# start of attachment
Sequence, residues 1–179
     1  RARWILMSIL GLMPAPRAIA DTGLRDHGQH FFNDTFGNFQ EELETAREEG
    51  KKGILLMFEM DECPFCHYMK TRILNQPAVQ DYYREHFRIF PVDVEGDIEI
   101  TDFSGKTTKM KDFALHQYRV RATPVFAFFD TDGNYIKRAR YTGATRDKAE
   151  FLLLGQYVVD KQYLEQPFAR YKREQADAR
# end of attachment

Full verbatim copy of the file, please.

Sequence, residues 1–179
     1  RARWILMSIL GLMPAPRAIA DTGLRDHGQH FFNDTFGNFQ EELETAREEG
    51  KKGILLMFEM DECPFCHYMK TRILNQPAVQ DYYREHFRIF PVDVEGDIEI
   101  TDFSGKTTKM KDFALHQYRV RATPVFAFFD TDGNYIKRAR YTGATRDKAE
   151  FLLLGQYVVD KQYLEQPFAR YKREQADAR